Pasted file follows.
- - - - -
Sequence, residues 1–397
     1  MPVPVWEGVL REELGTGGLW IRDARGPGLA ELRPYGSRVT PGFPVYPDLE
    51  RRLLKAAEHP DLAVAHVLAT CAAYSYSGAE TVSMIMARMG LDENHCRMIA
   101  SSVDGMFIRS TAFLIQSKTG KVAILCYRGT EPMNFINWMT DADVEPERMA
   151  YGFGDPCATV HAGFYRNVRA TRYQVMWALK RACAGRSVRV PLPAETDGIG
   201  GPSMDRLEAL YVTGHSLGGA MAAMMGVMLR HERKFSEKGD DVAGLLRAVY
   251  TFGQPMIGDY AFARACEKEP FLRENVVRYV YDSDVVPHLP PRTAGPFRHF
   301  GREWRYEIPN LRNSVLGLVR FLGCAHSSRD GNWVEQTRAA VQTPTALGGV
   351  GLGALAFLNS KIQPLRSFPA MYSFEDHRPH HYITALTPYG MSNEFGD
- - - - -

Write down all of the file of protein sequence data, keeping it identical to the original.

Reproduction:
Sequence, residues 1–397
     1  MPVPVWEGVL REELGTGGLW IRDARGPGLA ELRPYGSRVT PGFPVYPDLE
    51  RRLLKAAEHP DLAVAHVLAT CAAYSYSGAE TVSMIMARMG LDENHCRMIA
   101  SSVDGMFIRS TAFLIQSKTG KVAILCYRGT EPMNFINWMT DADVEPERMA
   151  YGFGDPCATV HAGFYRNVRA TRYQVMWALK RACAGRSVRV PLPAETDGIG
   201  GPSMDRLEAL YVTGHSLGGA MAAMMGVMLR HERKFSEKGD DVAGLLRAVY
   251  TFGQPMIGDY AFARACEKEP FLRENVVRYV YDSDVVPHLP PRTAGPFRHF
   301  GREWRYEIPN LRNSVLGLVR FLGCAHSSRD GNWVEQTRAA VQTPTALGGV
   351  GLGALAFLNS KIQPLRSFPA MYSFEDHRPH HYITALTPYG MSNEFGD